Greg McCleery – How Has COVID Changed Technology Usage in My Law Firm
I started as a solo practitioner back in 2011 practicing in mostly oil and gas law, but I wanted more experience in criminal and family law as I continued my career. In about 2017, we figured out some breakthroughs on the search engine optimization (SEO) side of technology, and that’s when things really got going – double of what my comfortable level might be. The firm started growing quickly and we hired more attorneys on our team to make sure that we would continue to deliver our top-quality services legal services.
My firm has been using in-house SEO since 2015. We are aware that 75% of our potential clients look online first to find an attorney these days. With that in mind, we have focused on leveraging online strategies to remain competitive. We started moving towards a cloud-based model to store and share files, and still have a traditional server as well. Over the past 12 months, our firm has adapted to the increased use and advancement of technology.
Through March, April, and May, we saw a bit of a slow-down. Fortunately, business has picked back up since June and July. We’re possibly looking at a larger increase in clients since all of this began, actually.
Since COVID, we have seen more cases related to custody issues. This has happened if one parent feels that the other isn’t safe because he or she has a potentially dangerous job or is living with a health-fragile relative. This has certainly become an issue in many blended family households, and we’ve received many more cases regarding these issues.
With the stay at home and social distancing orders, we have had to take some different measures to serve our clients. We have always used phone calls for many consultations and intakes, and most of our clients are happy conversing over the phone. That is the most accessible and easy option, and we can usually obtain all the information that we need through a quick phone call. If a client wants to have a more personal face-to-face meeting, then we also offer Zoom as an alternative option.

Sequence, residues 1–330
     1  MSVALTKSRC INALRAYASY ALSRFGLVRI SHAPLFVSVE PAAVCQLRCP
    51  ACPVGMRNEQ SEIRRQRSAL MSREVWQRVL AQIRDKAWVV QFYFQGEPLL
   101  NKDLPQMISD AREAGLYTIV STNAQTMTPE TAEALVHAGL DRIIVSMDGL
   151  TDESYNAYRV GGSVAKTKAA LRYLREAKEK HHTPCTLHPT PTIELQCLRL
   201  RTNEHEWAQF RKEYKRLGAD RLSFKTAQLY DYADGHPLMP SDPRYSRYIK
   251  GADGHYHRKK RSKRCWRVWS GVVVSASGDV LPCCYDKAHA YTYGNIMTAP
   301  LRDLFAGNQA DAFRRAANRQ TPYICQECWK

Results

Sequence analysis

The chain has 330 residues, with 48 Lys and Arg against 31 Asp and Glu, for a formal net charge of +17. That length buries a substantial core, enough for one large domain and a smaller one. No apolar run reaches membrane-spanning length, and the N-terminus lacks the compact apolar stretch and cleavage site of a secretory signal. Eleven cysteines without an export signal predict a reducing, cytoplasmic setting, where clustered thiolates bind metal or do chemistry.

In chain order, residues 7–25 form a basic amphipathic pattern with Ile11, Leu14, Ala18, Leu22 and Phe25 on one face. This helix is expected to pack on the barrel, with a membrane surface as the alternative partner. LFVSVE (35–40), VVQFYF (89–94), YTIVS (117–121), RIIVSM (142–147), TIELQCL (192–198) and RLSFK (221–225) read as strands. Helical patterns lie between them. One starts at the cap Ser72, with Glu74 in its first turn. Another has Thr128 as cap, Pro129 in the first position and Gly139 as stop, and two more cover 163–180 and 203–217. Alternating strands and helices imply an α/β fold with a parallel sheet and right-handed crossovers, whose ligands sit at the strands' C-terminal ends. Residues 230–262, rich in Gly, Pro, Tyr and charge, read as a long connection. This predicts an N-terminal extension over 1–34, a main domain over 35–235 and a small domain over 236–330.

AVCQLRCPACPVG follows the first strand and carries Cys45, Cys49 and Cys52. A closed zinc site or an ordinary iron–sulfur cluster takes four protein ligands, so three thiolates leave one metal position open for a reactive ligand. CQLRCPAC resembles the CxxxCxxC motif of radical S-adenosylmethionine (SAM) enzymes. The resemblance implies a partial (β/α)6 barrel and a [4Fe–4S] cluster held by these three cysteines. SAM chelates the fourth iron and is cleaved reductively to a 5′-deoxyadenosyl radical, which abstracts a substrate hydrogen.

We mostly use Zoom and other similar platforms for court appearances. I have realized that there are many judges and magistrates who want to stop video conferencing and back to familiar proceedings, so it really depends on the court. I hope that courts will realize that this is ultimately a better way to serve our community and reduce the cost of legal services.
I believe that using Zoom is a tremendous way of getting things done efficiently for the long run. It saves clients and attorneys time and money to not have to drive out of their way, especially in rural areas where they must drive to different counties or cities. A Zoom hearing could save hundreds of dollars per hearing, and that is fantastic.
COVID has definitely accelerated the move towards file sharing and transmission technology through necessity. Moving forward, I believe the clerks’ offices are likely going to be able to be progressive in utilizing this technology to make things more efficient. I have seen a lot of advancement of this in the past 5 years – and even more so during COVID.
The court systems may be slower to adapt, depending on the judge or magistrate, as some seem to favor traditional hearings. However, I believe that as we move forward, they will be more accepting of this, especially as we have more and more younger attorneys practicing law that are tech-savvy. Change takes time.